Let’s start with the following notation:
K-FAC calculates the derivative of L relative to model parameters w in a deep network layer, instead of the whole model. After applying the chain rule, the partial derivative of L relative to the parameters W in a layer becomes:
As shown before, F can be calculated as:
The corresponding calculation for each layer becomes:
Apply the partial derivates shown before, the calculation is simplified to:
with the outer product of two vectors defined as:
The updates to W for each layer become:
So to compute the parameter changes for each layer, we find the inverse of A and S below:
We update the network layer-by-layer. Each calculation involves nodes in each layer only. Consider the number of nodes in each layer is in thousand or hundred ranges, rather than millions for the whole network. This is much manageable and K-FAC significantly reduces the computational complexity. Even the method in the paper is for the dense network, K-FAC approximation for convolutional networks has also been developed by other researchers.
In TRPO, the variance in computing F is high. To improve accuracy, many samples are collected in calculating F.
K-FAC maintains running averages for the expectations A and S in the approximation. This reduces variance and therefore K-FAC requires far fewer samples. Empirical results prove that ACKTR is more sample efficient.
ACKTR uses a critic to estimate the advantage function. To train the model, we compare the model predictions with the target values (r(x) = estimated(x) — target(x)) and solve the problem as a least-square problem (a.k.a. mean square error MSE). One common approach with a second-order algorithm is the Gauss-Newton. If we compare the actor and the critic side-by-side, the equations in updating the model parameters are in similar form.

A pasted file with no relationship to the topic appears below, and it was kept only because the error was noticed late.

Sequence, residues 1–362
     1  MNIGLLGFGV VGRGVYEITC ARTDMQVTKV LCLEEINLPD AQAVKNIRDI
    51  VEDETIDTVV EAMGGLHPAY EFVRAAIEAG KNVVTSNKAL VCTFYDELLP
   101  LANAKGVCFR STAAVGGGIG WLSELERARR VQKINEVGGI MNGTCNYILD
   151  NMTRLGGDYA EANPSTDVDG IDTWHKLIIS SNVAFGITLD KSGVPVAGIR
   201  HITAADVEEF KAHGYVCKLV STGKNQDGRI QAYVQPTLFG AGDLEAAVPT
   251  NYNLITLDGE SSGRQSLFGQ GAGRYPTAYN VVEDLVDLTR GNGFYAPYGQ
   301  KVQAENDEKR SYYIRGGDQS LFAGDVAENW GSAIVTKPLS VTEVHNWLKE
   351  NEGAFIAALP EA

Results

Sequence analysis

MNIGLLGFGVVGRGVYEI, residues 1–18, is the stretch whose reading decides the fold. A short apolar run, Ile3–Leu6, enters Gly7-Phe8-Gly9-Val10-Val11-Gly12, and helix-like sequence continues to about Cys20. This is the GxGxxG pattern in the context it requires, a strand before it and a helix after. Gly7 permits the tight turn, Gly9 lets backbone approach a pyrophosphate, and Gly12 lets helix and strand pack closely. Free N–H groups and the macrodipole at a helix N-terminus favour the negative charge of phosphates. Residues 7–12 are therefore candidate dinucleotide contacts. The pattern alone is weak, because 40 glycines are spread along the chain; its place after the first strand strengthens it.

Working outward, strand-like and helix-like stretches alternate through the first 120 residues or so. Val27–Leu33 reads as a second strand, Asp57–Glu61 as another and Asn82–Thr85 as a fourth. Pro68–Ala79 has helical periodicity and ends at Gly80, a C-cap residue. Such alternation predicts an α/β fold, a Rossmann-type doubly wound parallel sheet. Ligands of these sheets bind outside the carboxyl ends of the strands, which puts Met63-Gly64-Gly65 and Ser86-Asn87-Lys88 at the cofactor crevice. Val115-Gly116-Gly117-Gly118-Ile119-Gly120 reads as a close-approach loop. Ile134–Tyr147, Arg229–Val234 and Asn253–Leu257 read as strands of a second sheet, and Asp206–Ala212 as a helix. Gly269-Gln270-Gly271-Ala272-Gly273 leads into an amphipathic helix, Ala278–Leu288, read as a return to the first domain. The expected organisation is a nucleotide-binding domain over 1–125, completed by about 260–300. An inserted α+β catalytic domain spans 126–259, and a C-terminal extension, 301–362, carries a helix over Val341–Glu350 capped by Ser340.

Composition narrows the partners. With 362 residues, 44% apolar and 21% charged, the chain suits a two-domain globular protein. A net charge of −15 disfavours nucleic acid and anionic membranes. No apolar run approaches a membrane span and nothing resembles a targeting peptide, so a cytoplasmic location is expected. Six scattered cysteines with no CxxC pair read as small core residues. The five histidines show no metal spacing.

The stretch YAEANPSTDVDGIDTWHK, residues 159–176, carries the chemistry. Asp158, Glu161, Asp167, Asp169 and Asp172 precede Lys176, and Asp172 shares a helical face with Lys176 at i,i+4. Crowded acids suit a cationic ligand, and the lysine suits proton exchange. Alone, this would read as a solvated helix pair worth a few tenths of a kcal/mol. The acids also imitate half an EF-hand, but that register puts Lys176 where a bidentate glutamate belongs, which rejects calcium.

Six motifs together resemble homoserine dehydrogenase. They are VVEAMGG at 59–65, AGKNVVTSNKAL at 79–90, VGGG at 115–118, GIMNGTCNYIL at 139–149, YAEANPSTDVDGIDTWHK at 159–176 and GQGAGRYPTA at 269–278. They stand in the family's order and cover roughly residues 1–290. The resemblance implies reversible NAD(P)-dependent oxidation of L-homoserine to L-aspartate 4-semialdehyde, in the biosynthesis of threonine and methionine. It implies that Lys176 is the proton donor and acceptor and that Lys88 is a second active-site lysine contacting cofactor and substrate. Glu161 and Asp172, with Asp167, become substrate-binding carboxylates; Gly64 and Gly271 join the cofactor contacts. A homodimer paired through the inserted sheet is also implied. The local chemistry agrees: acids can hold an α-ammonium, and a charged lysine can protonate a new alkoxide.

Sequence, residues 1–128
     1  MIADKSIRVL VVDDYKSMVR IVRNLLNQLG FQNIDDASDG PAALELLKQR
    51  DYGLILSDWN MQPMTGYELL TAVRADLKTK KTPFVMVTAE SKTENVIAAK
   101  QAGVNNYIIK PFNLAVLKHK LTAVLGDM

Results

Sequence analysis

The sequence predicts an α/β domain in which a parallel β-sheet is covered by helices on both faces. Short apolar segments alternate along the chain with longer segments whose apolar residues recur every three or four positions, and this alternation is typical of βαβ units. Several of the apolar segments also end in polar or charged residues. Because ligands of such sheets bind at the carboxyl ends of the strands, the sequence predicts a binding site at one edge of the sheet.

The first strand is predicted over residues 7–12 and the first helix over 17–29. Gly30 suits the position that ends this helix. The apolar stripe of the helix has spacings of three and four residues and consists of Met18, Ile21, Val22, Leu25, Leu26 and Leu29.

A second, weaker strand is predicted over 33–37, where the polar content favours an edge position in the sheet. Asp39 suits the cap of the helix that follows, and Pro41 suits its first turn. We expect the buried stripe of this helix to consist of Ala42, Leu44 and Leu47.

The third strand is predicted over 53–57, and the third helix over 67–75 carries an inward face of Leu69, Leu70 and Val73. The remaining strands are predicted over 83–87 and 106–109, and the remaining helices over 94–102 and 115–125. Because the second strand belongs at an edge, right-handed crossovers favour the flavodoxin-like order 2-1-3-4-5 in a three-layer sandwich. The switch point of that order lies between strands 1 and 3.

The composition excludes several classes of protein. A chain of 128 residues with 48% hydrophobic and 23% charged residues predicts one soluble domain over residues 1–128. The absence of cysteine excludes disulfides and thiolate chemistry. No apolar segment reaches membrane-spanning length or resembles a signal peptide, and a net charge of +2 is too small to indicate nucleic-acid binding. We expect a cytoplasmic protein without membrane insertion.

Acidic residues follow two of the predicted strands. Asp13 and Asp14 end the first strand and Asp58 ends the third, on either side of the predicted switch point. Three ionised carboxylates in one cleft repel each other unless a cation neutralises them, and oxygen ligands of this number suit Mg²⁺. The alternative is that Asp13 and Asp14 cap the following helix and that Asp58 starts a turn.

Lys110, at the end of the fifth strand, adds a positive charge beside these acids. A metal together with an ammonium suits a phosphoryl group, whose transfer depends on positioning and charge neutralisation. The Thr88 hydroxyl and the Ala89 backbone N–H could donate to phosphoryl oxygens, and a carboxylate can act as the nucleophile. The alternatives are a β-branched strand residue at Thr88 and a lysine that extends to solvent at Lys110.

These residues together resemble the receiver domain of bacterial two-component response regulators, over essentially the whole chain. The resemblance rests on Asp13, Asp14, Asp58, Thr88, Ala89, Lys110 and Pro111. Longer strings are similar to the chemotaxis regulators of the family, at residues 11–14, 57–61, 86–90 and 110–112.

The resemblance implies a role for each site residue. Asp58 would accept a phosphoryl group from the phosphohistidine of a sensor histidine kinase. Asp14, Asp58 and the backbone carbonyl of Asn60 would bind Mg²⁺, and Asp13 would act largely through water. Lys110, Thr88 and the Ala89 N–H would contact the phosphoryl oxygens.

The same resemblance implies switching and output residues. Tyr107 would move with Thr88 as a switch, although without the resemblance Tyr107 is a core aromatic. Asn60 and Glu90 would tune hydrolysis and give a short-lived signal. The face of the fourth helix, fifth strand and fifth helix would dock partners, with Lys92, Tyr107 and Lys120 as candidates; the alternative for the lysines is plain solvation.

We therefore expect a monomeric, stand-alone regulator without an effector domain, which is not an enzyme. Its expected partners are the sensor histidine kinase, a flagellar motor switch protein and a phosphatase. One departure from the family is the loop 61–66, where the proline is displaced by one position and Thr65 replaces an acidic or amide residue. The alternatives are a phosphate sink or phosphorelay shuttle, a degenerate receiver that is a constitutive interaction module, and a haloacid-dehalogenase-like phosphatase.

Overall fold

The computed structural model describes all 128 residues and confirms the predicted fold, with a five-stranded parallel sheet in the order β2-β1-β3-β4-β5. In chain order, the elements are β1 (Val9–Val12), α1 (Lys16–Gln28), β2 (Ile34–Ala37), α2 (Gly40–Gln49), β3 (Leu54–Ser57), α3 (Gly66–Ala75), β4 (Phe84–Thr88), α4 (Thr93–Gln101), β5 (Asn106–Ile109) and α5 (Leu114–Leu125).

The FIM F is equivalent to the Gauss-Newton matrix in the critic (the underlined red line above). Hence, we can apply similar K-FAC approximation method to the critic and update each layer one-by-one to reduce the computational complexity.
The following is the performance improvement in applying the Gauss-Newton norm (a second-order optimization) rather than the usual Euclidean norm (first-order) to the critic in ACKTR.
- uses trust-region optimization to improve the convergence.
- approximates the parameter updates with K-FAC for both actor and critic. It reduces the computational complexity closer to first-order optimizers (like the common stochastic gradient descent).
- maintains running averages to reduce variance in the K-FAC calculation. This allows K-FAC to use less sample than TRPO to approximate the inverse of F accurately.
ACKTR scales better with larger deep network models. It solves tasks in continuous control space with raw pixel observation which TRPO cannot handle.
ACKTR scores higher rewards (the rewards column) and achieves the human level performance in fewer training episodes (the episode column).
Below shows the number of time steps executed per second (the higher the better). ACKTR achieves speed performance within 25% of A2C which uses a first-order optimization.
ACKTR is less straightforward for RNN or other shared parameters networks.